• So many things about us change as we grow and journey through life—our preferences, style, interests, qualities we look for in partners—why would sexuality not fall into that list?
  • Resist the urge to label yourself to people just to put them at ease, unless it’s a label you identify with.
  • Resist the urge to respond to people who ask inappropriate questions. You don’t need to tell anyone about your sexual preferences. “I’d rather not share” is a great response that generally shuts down an inppropriate line of questioning.
  • Some of your closest friends might be uncomfortable (even the ones you totally don’t expect it from) and that’s OK, it’s not indicative of how much they love you. People have deeply rooted biases that make can make it hard for them to digest something that seems different, or that they don’t know anything about.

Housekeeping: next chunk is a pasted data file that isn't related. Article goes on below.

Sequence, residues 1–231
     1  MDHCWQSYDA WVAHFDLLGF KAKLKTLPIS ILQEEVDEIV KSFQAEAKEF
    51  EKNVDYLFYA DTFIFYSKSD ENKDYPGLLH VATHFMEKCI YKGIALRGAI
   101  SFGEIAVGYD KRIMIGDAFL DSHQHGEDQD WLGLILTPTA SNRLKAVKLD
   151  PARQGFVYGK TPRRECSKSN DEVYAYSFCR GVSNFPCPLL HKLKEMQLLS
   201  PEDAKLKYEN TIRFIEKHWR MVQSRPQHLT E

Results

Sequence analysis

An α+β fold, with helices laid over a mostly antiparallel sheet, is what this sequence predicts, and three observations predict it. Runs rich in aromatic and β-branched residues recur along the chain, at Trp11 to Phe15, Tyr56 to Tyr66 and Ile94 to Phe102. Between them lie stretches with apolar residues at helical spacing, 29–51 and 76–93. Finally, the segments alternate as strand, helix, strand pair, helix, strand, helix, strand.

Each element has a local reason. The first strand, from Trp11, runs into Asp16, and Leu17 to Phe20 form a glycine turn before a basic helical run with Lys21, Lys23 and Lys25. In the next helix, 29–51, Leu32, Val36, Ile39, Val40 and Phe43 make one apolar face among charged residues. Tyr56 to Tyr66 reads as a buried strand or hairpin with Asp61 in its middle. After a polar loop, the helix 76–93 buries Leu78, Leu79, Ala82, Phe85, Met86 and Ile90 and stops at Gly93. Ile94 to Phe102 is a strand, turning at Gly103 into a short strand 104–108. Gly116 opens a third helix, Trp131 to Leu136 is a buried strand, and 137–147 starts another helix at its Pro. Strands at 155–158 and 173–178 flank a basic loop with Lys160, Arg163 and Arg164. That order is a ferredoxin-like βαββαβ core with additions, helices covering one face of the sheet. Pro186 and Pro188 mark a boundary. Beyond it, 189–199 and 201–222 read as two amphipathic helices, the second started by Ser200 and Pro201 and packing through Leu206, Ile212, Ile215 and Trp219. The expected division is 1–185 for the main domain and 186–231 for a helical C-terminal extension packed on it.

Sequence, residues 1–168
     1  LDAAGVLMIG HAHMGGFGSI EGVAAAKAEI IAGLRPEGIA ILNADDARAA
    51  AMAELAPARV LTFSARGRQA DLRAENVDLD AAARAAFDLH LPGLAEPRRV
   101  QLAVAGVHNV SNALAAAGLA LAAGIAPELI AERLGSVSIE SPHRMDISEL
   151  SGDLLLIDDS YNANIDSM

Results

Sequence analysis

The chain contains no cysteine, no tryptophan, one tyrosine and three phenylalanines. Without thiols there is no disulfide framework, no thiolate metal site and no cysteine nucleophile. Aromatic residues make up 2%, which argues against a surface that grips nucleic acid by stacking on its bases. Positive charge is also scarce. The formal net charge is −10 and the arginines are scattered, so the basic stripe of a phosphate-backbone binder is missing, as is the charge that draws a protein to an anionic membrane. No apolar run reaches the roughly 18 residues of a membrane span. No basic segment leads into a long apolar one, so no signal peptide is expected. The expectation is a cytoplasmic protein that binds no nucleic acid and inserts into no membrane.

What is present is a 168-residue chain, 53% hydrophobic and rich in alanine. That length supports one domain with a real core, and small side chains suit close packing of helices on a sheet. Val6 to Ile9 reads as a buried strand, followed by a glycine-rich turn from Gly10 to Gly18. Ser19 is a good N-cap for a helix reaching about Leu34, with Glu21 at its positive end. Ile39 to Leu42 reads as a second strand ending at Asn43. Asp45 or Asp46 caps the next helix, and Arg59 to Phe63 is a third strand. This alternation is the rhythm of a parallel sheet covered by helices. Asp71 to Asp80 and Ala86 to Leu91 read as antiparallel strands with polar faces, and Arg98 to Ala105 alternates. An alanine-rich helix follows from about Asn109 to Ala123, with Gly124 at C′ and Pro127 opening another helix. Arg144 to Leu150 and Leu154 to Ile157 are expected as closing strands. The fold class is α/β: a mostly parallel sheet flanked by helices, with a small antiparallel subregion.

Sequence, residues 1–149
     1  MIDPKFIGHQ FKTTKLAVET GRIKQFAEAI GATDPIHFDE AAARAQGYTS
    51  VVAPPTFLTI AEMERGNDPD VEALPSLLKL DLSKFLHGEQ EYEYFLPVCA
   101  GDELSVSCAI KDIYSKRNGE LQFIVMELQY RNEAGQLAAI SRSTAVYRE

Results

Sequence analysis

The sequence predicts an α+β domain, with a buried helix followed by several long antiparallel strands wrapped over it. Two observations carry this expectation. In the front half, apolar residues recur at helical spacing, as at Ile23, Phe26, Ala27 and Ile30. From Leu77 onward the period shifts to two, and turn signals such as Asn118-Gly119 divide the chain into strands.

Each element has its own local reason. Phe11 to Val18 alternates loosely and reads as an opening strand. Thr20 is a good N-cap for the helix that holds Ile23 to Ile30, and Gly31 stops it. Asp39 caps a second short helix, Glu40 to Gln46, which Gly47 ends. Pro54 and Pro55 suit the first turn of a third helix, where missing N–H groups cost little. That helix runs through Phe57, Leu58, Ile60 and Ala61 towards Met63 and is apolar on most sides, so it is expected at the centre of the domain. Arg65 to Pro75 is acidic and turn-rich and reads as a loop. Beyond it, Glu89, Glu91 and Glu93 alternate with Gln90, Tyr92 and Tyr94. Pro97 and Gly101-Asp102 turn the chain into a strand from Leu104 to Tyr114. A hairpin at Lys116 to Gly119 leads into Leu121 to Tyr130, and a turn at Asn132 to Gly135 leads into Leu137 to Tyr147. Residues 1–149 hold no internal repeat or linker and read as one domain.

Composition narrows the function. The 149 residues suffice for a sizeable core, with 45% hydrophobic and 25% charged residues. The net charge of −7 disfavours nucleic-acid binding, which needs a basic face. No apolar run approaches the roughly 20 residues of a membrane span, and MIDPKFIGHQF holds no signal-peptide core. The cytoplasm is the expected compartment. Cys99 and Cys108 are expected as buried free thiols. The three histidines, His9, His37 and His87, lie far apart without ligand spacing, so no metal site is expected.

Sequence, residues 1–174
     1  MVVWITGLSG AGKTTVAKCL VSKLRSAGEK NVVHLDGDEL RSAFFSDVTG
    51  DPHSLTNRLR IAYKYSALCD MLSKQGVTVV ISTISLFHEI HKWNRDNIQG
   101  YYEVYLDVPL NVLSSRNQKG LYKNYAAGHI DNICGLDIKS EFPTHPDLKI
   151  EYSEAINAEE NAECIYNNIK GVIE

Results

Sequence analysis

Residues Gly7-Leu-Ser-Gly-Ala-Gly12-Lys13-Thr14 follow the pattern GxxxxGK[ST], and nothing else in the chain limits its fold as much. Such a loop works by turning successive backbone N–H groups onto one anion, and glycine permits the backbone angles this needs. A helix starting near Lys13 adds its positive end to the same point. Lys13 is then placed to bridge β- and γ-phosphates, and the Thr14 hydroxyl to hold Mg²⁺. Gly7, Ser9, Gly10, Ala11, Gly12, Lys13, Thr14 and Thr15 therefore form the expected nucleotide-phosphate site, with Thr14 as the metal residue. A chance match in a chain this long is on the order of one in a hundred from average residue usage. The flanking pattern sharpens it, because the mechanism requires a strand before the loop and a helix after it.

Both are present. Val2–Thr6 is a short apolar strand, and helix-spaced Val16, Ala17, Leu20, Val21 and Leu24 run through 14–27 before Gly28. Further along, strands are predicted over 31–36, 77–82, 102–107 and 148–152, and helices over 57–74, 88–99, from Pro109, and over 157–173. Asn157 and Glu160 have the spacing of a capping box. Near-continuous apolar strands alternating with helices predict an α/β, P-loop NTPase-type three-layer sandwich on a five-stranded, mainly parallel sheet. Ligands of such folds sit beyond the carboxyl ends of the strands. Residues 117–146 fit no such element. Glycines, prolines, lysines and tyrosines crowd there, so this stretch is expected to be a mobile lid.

• Do not apologize, ever. To anyone.
  • Do not be afraid to share your journey with the people in your life, and try to normalize it when you do. Heading into a conversation with someone and framing it as this crazy thing that they might feel weird about is the wrong approach. Be unapologetic and honest while also being compassionate that they might have questions (which you may or may not want to answer), or need time to process.
  • Be compassionate, but don’t take shit. If someone’s bigotry or implicit bias is so great that it becomes toxic, take your space. You don’t need to prove anything to anyone or dilute who you are to make others more comfortable.
  • Be safe; sex ed applies regardless of gender.
  • It is totally OK if you have no idea what you’re doing, you don’t need to pretend. Go with the flow and be transparent with a partner if something is new for you.

As we grow and change, I think it’s key to express gratitude, rather than fear, for new facets of ourselves that are coming into focus. Life is short, and if you’re curious about something, put a plan in motion to try it out! And don’t shy away from sharing your experience, you’re sure to find others who are on the same journey or have been there before.

Photo by Ashley Burnstad

Ashley Burnstad is a tech recruiter and weekend photographer. She lives and loves in San Francisco, though she spends most of her free time in the woods or wandering the coast.